"And the Lord said: Go to work."
Carolina the weather has turned to autumn. I first
felt this last Saturday when I stepped out to go run and could feel Fall in the
air. The temperature is still lovely and the trees have not changed color, but
I can feel it, just the same. We've had a couple of gray days this last week,
where the sky was literally gray the whole day and we could not see the sun.
It was on one such gray day that we went to go out and find people to teach -- "find people to teach" being a purpose-driven way of saying "knock doors." I refuse to use the word "tract." Anyhoo, after a little while of fruitless searching, we went to return to our bikes in preparation of making the 5-mile journey home. Upon reaching the bikes, however, a cursory examination of my back tire revealed it to be dead. It had given up the ghost sometime during our finding.
So we called up a member for a ride and went to go sit on a nearby park bench to wait, taking pictures of ourselves to pass the time as slowly the sky darkened. As evening fell, a group of kids came to the park to throw a football around. In the dim light, I could make out the figure of a small boy in a wheelchair sitting at the edge of the road, watching them. After a few minutes I got up and walked over to the small, frail boy in his wheelchair and asked his name and how old he was (six) and spoke with him for a moment, and I said to him: "I want you to know that you can do anything you put your mind to."
And then the member came and took us away. But I will remember that little exchange I had with the boy. I felt terribly sorry for him, sitting there on the sidelines watching the other kids play.
But it's true, isn't it? We really can do anything we put our mind to. Like overcome a physical handicap. Or becoming like God. The wonderful promise we have been given is that because of the Savior, weak legs will walk someday and sinful souls will become saintly.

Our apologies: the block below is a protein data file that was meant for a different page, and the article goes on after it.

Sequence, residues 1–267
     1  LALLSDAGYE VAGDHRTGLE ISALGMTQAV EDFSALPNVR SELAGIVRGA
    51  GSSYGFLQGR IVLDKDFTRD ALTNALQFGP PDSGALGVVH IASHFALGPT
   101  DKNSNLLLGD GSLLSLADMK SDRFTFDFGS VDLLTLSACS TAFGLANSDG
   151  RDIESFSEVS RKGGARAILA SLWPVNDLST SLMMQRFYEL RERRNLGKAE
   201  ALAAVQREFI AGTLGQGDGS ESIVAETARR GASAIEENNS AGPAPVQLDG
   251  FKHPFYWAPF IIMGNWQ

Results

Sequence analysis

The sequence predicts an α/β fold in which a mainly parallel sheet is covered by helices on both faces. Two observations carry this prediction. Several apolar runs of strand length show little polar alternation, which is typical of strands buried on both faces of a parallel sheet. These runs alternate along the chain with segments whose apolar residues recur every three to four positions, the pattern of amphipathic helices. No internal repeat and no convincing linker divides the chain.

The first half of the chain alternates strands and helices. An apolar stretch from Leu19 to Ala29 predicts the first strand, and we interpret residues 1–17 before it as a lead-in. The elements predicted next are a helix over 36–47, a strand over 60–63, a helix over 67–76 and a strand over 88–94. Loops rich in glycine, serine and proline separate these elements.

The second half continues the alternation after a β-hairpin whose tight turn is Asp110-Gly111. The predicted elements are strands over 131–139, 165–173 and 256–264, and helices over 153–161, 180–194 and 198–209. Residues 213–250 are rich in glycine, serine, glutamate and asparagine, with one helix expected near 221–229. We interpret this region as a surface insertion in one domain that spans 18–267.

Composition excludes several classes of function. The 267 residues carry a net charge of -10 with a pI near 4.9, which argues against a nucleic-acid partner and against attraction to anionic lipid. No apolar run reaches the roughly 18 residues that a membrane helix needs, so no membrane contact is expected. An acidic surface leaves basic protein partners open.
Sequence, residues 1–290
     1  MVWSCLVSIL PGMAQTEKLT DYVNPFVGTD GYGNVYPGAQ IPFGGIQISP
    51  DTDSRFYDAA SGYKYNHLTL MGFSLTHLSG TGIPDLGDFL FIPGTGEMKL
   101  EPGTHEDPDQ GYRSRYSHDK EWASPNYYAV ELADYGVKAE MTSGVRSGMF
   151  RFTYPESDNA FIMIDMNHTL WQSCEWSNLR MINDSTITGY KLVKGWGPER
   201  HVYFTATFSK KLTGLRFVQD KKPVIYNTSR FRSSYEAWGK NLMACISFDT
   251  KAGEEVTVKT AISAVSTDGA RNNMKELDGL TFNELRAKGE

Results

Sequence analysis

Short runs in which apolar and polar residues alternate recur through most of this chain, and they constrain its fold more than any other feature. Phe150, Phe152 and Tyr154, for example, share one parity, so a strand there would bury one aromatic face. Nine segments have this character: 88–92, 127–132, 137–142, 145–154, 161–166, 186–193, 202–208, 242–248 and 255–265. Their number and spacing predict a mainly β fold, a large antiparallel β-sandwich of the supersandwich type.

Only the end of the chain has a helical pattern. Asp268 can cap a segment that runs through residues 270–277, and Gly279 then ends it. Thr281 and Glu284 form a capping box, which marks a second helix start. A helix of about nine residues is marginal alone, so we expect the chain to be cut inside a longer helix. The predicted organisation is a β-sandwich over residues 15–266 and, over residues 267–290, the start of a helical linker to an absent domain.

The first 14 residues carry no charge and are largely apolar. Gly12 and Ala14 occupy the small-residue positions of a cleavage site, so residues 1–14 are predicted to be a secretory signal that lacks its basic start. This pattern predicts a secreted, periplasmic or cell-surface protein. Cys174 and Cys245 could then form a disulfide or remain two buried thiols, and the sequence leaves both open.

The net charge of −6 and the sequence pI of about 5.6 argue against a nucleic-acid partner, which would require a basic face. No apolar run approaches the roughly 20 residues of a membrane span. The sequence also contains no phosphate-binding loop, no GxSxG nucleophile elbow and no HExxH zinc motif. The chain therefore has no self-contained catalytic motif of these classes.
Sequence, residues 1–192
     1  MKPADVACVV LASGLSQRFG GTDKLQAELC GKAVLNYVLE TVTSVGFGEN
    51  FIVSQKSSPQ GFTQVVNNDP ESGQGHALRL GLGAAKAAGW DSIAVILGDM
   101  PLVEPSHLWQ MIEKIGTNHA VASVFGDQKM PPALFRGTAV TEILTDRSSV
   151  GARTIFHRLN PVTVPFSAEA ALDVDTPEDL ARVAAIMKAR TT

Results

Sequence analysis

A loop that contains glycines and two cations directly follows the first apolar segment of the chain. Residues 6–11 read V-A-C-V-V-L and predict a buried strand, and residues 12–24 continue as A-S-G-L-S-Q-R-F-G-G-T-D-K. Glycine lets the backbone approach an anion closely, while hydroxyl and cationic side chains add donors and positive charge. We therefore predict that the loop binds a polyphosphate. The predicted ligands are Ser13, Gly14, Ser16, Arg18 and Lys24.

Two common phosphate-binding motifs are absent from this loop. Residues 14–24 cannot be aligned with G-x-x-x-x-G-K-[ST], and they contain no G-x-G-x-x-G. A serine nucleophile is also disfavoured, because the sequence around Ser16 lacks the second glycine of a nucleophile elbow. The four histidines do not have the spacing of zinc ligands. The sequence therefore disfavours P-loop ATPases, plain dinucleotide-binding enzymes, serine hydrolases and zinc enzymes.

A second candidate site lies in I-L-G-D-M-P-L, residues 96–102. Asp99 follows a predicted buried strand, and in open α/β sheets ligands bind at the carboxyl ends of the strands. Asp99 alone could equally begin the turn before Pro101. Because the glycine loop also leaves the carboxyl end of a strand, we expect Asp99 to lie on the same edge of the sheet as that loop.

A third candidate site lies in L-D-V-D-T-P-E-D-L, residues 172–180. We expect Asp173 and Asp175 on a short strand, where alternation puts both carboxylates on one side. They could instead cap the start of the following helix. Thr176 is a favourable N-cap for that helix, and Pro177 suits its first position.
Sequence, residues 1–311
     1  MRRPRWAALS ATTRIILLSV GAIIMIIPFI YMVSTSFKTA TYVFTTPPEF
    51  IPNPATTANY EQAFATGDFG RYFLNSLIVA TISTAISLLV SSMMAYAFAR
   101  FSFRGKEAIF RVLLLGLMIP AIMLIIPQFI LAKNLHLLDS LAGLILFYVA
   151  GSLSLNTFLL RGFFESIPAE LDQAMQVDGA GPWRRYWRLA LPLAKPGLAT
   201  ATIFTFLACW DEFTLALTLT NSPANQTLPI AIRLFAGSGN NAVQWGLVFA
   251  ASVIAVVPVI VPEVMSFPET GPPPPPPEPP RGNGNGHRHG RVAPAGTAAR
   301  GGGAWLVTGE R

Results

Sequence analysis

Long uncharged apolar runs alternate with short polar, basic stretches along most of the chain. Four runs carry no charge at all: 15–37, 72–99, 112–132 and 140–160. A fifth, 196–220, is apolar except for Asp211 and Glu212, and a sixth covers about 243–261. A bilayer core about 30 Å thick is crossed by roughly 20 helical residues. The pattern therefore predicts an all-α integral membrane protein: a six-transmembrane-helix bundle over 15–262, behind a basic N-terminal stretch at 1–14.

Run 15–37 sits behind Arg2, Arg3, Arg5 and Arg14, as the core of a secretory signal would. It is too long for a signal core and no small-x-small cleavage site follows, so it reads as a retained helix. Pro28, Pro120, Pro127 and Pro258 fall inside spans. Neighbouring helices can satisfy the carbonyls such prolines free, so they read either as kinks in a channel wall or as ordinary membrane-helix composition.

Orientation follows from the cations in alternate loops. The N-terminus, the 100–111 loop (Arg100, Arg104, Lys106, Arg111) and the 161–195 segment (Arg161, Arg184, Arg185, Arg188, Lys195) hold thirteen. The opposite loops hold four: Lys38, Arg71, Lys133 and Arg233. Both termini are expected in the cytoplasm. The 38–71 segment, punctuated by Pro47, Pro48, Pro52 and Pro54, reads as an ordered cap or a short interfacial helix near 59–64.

This last Saturday, September 21st, was the 190th anniversary of
I recently read the last real talk Gordon B. Hinckley's ever gave in General Conference, "The Stone Cut Out of the Mountain." One of the many great and profound things the President spoke about in there was the Book of Mormon and how critics have tried to attack it for years or disprove it. Theories have been spawned, conspiracies have been drawn up, conjectures have been made, but in the end, the one with the angel still remains by far the most believable.
People try to wave away the Book of Mormon, but it doesn't work. Something like that can't just be passed off as unimportant. It is something that demands attention.
It has stood out to me that it is so crucial to be open to accepting additional revelation. The people I meet who say that they don't possibly need to learn or pray about additional truth from God are making the same mistake as the Pharisees who sent the Son of God to die on the cross for blasphemy.
I could go on quite the warpath about that, but I won't. I simply repeat: it is so important to be willing to test things for truth. All things. When something comes up, you can either say: "There's no possible way that can be true, so there's no need to pray about it," which is an extremely prideful response. Or, there is the Master's invitations to "Ask, and ye shall receive," "come and see," "by their fruits ye shall know them." If we refuse to at least try, we will not find.
It has been my blessing and privilege here in Lakefield to see the results of when people are willing to ask. We had a family of six come to church this last Sunday for the second time, all because they have actually been open to praying about what we've taught them.
The Gospel is so wonderful. Probably because it's true! I love being a missionary and I love my mission. I thank the Lord that I get to be here at this time. Hurrah for